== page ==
We all have seen it in the movies and in the history books but most don’t believe it for a minute. The Winchester 73′ 44-40 is only good from 75 to 100 yards.
…as referred to by the catalogs, is really difficult to keep up with which rifle the 1873 catalog is talking about. After Winchester and Davies purchased Volcanic repeating Arms sometime around 1856, it gets rather complicated. The New Haven Arms Company, by 1857, manufacture the 1860 Henry, “Henry Rifle of 1860”. By 1866, Henry lost attempts to regain the company and Winchester changed the name to Winchester Repeating Arms Company. In the meantime, by the end of December 1866, the “Infantry Model” [Winchester Model of 1866] had finished field testing in Switzerland. Testings from 300 to 1,000 paces shooting at 6ft x 6ft targets resulting in 1.5ft x 1.5ft groups@300 paces. Several 50-75 yard shots reported by amateurs resulted in 1/2″ to 3″ groups.
The 44 Henry bullet was not much different than today’s 44-40.
1873-1877 – In Winchester’s 1875 catalog the first 44 WCF cartridges appeared but were not labeled as “44 W.C.F”. Winchester stated, “The effect of this change [from 44 Henry to the 44-40] is to increase the initial velocity of the arm from about 1,125 f.p.s. to 1,325 feet per second.” During the Indian Wars, the Indians would proved how valuable the Lever-actions would become!!
During The Battle of The Little Bighorn, 44 cal Henry, 66′ and 73′ artifacts were discovered all over the fields. One location near Calhoun Hill was names Henryville by archeologist because of the vast concentration of bullets and cases discovered in that area. Most of the exchange with the 44 calibers were from 150, 200 and 300 yards.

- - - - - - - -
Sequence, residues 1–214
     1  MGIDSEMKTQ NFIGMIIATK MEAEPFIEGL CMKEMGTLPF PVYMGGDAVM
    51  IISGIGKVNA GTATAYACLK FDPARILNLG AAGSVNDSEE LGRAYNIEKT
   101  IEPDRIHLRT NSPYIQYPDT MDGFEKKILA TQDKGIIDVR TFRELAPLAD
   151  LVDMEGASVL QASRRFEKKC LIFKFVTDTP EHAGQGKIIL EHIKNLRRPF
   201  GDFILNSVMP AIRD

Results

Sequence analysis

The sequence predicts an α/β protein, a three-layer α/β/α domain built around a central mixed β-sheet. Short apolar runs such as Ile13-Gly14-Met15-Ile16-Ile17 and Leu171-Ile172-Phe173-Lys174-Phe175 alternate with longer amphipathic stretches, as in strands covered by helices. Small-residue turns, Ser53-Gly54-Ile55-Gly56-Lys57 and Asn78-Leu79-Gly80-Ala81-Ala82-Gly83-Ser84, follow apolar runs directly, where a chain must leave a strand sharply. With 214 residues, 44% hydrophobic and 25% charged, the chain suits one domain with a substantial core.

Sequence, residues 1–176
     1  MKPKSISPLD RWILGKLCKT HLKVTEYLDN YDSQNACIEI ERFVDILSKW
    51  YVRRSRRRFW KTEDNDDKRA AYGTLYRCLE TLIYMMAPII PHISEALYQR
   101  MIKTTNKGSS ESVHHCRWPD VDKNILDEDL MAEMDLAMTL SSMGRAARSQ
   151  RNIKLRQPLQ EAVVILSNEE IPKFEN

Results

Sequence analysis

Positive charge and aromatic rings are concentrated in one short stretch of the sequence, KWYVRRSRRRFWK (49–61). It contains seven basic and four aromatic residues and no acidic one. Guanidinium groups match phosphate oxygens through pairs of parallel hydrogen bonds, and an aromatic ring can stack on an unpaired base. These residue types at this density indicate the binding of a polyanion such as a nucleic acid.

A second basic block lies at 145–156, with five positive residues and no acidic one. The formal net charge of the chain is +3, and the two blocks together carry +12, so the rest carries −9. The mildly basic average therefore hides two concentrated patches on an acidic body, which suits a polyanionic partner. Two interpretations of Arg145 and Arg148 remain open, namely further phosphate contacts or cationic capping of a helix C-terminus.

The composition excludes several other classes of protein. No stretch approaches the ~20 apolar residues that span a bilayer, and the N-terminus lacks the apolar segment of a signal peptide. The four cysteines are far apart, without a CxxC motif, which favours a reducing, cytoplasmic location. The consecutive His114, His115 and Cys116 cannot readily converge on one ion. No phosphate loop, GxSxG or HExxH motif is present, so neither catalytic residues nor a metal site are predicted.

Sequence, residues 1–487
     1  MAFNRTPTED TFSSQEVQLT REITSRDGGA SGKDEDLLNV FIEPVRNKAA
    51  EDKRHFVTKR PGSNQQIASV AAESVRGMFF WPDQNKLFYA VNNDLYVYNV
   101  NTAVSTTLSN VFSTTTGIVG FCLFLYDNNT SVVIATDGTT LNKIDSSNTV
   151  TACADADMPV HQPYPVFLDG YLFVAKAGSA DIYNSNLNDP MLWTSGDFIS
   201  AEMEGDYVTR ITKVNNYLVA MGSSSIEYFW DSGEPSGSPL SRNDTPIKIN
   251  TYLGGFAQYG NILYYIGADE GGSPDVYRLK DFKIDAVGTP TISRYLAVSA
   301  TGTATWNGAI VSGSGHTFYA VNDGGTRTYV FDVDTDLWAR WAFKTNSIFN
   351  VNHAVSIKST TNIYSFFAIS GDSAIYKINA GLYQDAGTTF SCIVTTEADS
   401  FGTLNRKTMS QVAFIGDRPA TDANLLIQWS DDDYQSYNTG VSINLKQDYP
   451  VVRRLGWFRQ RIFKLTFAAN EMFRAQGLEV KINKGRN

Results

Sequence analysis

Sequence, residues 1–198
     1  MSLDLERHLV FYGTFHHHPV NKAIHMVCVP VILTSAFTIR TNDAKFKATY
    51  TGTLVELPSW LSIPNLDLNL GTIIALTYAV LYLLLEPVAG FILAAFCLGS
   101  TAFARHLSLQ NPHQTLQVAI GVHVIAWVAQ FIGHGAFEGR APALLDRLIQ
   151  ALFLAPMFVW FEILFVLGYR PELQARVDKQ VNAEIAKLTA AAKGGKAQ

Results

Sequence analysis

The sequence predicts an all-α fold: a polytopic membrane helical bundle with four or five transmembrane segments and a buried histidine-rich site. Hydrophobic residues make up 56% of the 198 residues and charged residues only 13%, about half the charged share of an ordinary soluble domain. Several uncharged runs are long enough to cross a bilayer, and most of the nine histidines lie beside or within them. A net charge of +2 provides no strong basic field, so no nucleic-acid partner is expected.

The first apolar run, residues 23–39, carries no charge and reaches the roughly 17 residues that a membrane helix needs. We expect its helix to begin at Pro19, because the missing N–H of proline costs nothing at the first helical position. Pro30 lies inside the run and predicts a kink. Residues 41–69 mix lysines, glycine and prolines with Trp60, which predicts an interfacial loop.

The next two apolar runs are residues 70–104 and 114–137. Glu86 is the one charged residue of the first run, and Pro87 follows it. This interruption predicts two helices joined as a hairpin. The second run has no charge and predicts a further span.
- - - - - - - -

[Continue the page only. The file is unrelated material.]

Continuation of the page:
Many testimonials were published in Winchester’s 1875 catalog of hunters who praised the arm for it’s accuracy and killing power at longer distances. Bears, Deer…you name it. Ethical kills?, ethics is up to the hunters beliefs and how bad his or his families stomach is growling.
With the advent of smokeless powder, accuracy and power continued, at least for a little while. For stronger rifles, the Winchester High Velocity loads was available for over 35 years from 1903 till 1938. However, by by the time Winchester started using pistol powders for this cartridge, accuracy and power tapered off considerably. With this, over the past 50 years…this cartridge has gained a bad reputation.
However, when this cartridge is loaded correctly, even for use in the Winchester 73′ weak action rifles…it’s Glory once again can be seen.
Black powder accuracy and power out to 300 meters as well as smokeless powder accuracy and power out to 200 and 265 yards have been documented.
Unlike the 30-06 and 270 with lots of power and almost no bullet drop from 50 yards out to 300 yards…the 44-40 is a different breed. Although trajectory is a nightmare, the shots can be made…and made ethically!
Although I do not own an original (old or new) Winchester 73′, the Uberti model still holds it’s own.
If you decide to watch the video, make sure to activate the “CC” for subtitle notations.
Uberti Winchester 73′ at 200 yards. Shots 2 throu 15 Grouped inside 5.5″
29 Consecutive Shots
6x Malcom scope (my old eyes)
Reloder 7 powder